Fulton County prosecutors set modern-day record

The office won three death penalties in 12 months, a rarity for the county.

Fulton County prosecutors set a modern-day record this July: three death penalties in 12 months.

For nearly 25 years, winning a death penalty in Fulton was rare. After imposing it on Robert Conklin, who dismembered his victim, in 1984 until last year, Fulton juries delivered death penalties only four times despite a slew of brutal or multiple killings.

“They had a long stretch where they weren’t getting the death penalty at all and now it seems easier for them to get it,” said Tom Clegg, a defense lawyer and former prosecutor.

District Attorney Paul Howard suggested the reason: Killers willing to kill kids. Still, others suggest there may be other reasons, and they hesitate to call it a new trend.

After taking office in 1997, Howard began seeking the death penalty aggressively for egregious murders that had strong evidence of who committed the killing “If it is a crime that is so across the line, I’m not going to spend much time thinking, ‘Will they give it to him?’’ Howard said.

Despite seeking the death penalty at least nine times, only one jury voted for execution for more than a decade. That trend began changing in 2008.

In each case, children were victims or a threatened target.

“The one thing jurors won’t put up with is cases where someone harms children,” Howard said. “The cases where we last got the death penalty show that.”

● Jurors voted to execute Demetrius Willis for killing his ex-girlfriend, her boyfriend and her three-year-old son in July 2008.

● Jurors again announced death in January for De’Kelvin Martin, who not only stabbed to death a 77-year-old grandmother and an 83-year-old grandfather but also their 12-year-old grandson.

● Last month, a jury sentenced contract killer Cleveland Clark to death. He stabbed and strangled a woman and told cohorts he should have killed her baby.

Some lawyers doubted the death trend would continue. They noted a jury in December could not reach a unanimous decision to impose the death penalty on Brian Nichols despite, convicting him of four murders and multiple other violent crimes in the 2005 Fulton Courthouse shooting.

“That is a significant number, but I don’t see it as a harbinger for flood gates opening on the death penalty in Fulton County,” said Mike Mears, who defended death cases for decades and who credited the Clark verdict to his belligerent behavior at trial. “That guy brought his death penalty on himself by acting out in court.”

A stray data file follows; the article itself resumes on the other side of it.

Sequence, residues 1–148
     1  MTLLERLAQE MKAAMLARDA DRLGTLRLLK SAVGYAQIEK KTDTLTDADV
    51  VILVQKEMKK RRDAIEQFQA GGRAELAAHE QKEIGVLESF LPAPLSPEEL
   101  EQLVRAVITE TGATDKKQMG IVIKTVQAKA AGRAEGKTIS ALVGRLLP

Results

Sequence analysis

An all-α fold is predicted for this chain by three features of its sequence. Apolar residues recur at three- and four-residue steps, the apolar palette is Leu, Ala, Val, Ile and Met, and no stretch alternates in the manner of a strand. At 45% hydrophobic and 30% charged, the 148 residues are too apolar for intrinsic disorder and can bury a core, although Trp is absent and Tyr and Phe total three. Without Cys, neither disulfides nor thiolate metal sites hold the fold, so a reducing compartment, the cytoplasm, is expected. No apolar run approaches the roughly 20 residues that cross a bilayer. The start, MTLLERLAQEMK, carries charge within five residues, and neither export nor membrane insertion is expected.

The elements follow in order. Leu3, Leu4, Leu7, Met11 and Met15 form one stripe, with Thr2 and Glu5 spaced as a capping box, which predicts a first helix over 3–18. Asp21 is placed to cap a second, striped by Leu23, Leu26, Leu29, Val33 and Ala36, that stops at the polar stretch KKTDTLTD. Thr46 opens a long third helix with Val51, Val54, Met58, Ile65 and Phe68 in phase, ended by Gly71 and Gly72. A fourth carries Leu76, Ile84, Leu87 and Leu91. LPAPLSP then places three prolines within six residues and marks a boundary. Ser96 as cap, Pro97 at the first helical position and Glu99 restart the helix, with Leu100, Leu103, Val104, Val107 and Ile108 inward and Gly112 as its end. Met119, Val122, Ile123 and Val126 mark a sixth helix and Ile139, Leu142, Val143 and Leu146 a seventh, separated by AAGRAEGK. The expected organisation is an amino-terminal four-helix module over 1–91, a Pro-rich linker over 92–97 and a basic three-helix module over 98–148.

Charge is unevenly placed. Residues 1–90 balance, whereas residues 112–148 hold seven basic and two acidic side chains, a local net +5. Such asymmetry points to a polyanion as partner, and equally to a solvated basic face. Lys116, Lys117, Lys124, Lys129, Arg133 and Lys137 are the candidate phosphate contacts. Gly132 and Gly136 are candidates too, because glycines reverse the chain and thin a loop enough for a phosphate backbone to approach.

Clegg, who defended Martin, blamed the death trend in part on the public outcry over the Nichols case in which three jurors refused to sanction execution for the murder of a judge, a court reporter and two lawmen.

“I think the Nichols case has had a paradoxical effect of making jurors more prone to consider the death penalty,” said Clegg. “My gut tells me that there were so many people aggravated at the Nichols’ jury failure to return a death penalty there has been some sort of backlash.”

Deputy District Attorney Shondeana Morris, who prosecuted Willis and Martin, doubted the Nichols case was a factor. Willis was convicted before Nichols, she said; Instead, she contended the brutal facts persuaded jurors. Willis wounded two other children, including his 10-year-old daughter, whom he left for dead. And in the Martin case, the killer’s own two-year-old son tried to shield his 12-year-old half brother with his own body.

“The two year-old was completely covered with blood,” Morris said. “He went from being a very vibrant young child to becoming much more reserved. You know he reverted back to crawling. I think that is just very powerful to a jury.”

Some lawyers see a shift in the jury pool as making death penalties more acceptable. Juries had been seen as dominated by white liberals and blacks with doubts about the death penalty since a 1986 U.S. Supreme Court decision made juries racially more diverse. Now that north Fulton has swelled, mostly with a wealthier and more socially conservative population, juries may be more likely to get 12 votes needed for execution, they said .

“I think Fulton County is becoming Alpharettaized,” said Tom West, who defends death cases around Georgia. “It is no longer an African-American dominated liberal bastion.”

Howard dismissed the idea that demographics was driving the shift, saying the notion that a juror’s race might help determine his or view on the death penalty was offensive.

Howard contended both blacks and whites in Fulton were becoming more supportive of the death penalty and polls over the years supported him. According to Gallup polls over the years, while views have fluctuated, blacks and whites nationwide have grown more supportive — even though defense lawyers contend fewer death penalties are being handed down nationally.

“If you give enough evidence, in most cases jurors will do the right thing,” Howard said. “The whole notion that in our county that somehow our citizens were different was something I did not believe.”